Review: 'The 15:17 to Paris'

Clint Eastwood turns in another installment of patriot porn in his latest film
'The 15:17 to Paris' is Clint Eastwood's dull retelling of a foiled terrorist attack.

The miracle of cinema is that very aged directors can be youthful, and young directors can be querulous old fogies. Too bad the 87-year-old Clint Eastwood doesn't prove that equation in The 15:17 to Paris. The gimmick is that Alek Skarlatos, Spencer Stone and Anthony Sadler star as themselves in the reenactment of their thwarting of a terrorist attack by Ayoub El-Khazzani aboard the high speed Amsterdam-Paris express in 2015.

We're already aboard the train, with the bare-chested maniac popping out of the men's bathroom, pistol at the ready...and that's when we flash back to Sacramento. Once upon a time, Alek and Spencer—two of the three heroes in this film—were prankish single-parented kids; comediennes Judy Greer and Jenna Fischer are wasted in the bland troubled-mom roles. The boys are sent to Christian school, in scenes shot in so many shades of brown it's as if the administration had decided to ban color because it might incite Satan. There they meet their new pal Anthony, a much more assured troublemaker.

As a kid, Stone has a Full Metal Jacket poster on one wall—though that Kubrick film isn't exactly a love letter to the military. In one of several self-references, Eastwood puts up a Flags of Our Fathers poster on the boy's adjacent wall. (Stone also wears a T-shirt of Eastwood in cowboy regalia.) Stone is devout, praying St. Francis' prayer as a youth—"Lord, make me an instrument of your peace"—saying that he longs to join the Army so he can save lives. This is kind of a creative interpretation of the Army's mission.

Some defend The 15:17 to Paris as an example of classic, uninflected style by the grand old man. If it's true that Eastwood is a classic minimalist, it's surprising how uneconomical this film is. The emphasis on back story swamps the movie; it's like watching a version of Gunfight at the O.K. Corral in which two-thirds of the movie is about Doc Holliday's time in dental school.

Eastwood keeps repeating himself on the details and stranding us. It takes a few minutes to realize that what looks like a training exercise in Texas is meant to be an actual patrol in Afghanistan. All that wartime incident leads up to is the story of a lost hat.

It's clear why Eastwood leans toward Stone throughout the film, as he has a bit more natural presence on screen; he's easygoing and laconic in that way we like our Western heroes to be. The adult Sadler who introduces himself at the beginning of the story in voice-over, explains why a black man like him is hanging out with white boys. But then he gets neglected by the rest of the film. (At the end, during an awards ceremony in Paris, we finally meet Sadler's parents—it's as if the script wasn't sure Anthony had any parents up to that point.)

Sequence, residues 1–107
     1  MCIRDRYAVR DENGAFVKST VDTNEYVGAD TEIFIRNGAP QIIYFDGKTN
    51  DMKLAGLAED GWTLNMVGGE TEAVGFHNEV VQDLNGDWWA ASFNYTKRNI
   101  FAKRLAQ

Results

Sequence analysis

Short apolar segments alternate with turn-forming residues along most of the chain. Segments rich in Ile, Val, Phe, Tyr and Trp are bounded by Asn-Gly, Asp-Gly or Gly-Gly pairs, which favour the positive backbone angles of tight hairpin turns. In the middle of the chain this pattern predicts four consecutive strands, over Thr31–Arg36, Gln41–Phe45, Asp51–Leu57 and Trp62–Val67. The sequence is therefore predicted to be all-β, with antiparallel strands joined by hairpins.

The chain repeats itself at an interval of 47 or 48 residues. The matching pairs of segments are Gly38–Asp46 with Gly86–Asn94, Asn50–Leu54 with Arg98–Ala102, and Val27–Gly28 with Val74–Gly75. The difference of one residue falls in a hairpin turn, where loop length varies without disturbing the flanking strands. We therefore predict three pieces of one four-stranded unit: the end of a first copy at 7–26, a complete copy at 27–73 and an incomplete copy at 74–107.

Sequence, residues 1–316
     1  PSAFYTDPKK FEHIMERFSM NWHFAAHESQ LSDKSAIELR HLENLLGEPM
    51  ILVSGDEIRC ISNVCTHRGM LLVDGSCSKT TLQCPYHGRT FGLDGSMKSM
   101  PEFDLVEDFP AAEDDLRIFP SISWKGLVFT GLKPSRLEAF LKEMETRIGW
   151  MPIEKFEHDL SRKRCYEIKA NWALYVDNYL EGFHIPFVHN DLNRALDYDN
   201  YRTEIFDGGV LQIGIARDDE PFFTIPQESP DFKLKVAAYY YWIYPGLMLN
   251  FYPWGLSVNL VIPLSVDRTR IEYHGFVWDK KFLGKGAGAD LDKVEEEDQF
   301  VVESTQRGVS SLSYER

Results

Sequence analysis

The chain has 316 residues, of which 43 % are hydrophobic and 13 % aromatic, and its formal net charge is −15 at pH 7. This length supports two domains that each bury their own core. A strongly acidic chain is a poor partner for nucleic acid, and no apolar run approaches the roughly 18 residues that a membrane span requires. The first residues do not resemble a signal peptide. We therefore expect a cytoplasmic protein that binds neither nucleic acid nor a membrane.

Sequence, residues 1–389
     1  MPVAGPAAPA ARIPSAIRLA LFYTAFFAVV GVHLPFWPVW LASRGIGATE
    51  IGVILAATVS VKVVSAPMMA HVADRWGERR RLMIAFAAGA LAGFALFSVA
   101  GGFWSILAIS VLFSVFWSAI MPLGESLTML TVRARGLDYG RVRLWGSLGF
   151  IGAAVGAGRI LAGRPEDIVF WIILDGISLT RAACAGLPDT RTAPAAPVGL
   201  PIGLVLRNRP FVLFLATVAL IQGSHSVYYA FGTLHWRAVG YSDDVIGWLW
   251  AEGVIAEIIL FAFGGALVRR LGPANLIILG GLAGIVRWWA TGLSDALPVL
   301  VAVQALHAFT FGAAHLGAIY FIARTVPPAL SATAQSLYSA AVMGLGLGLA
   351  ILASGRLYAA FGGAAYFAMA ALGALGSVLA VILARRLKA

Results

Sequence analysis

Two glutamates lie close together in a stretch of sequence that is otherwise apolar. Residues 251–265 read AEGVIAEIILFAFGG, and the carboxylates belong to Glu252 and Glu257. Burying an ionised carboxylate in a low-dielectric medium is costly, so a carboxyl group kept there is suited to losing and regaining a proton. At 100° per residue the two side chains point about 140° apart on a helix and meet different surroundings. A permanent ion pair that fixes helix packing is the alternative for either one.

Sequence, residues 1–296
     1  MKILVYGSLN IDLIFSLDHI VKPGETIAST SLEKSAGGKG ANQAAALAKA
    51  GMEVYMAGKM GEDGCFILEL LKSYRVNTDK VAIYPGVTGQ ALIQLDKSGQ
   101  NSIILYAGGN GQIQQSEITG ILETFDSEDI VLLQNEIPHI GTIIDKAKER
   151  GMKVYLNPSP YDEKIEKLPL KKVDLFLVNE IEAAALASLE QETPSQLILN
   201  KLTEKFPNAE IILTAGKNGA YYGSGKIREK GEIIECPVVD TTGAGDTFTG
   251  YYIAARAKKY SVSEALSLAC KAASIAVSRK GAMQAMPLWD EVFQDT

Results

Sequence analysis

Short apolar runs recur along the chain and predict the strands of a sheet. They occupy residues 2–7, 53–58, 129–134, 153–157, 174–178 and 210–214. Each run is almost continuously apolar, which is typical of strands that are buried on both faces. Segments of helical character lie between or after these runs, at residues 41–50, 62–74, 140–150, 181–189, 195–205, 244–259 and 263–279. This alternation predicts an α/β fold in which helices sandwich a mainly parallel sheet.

The film descends into paralysis as the three head for their date with fate at the end of a European vacation. The trip commences with an awkward Skype conversation between Stone and Skarlatos. The tour scenes might be a gentle critique of the American abroad; Sadler's wielding of the selfie stick becoming pretty much his only characteristic. The trio pose as Romans at the Coliseum, giving thumbs-down to the long-gone gladiators, as the soundtrack airs an accordion version of "Volare." While there aren't really any female leads in this film, Eastwood keeps upskirting; whether on the staircase at a Rome hostel or at the brass pole at an Amsterdam nightclub, the camera zeroes in on a series of foreign butts.

Eastwood's experiment of casting non-pros has precedents. Likely he recalls Audie Murphy starring in the filmed version of his wartime exploits, To Hell and Back (1955). The three real-life heroes acquit themselves, mostly—the casting is the least of this film's problems. Since there is so much filler here, it's a surprise that the director who spent so much time doing the back and forth between sides in Letters From Iwo Jima gives us so little about the opposite side of this incident—what drove El-Khazzani to a potentially suicidal act of terrorism?

Remember that empty chair Eastwood was addressing at the 2012 Republican National Convention? It's like Eastwood is gone, and the empty chair is directing the movie.

The 15:17 to Paris
2/10 stars
PG-13, 94 min.
Plays valleywide

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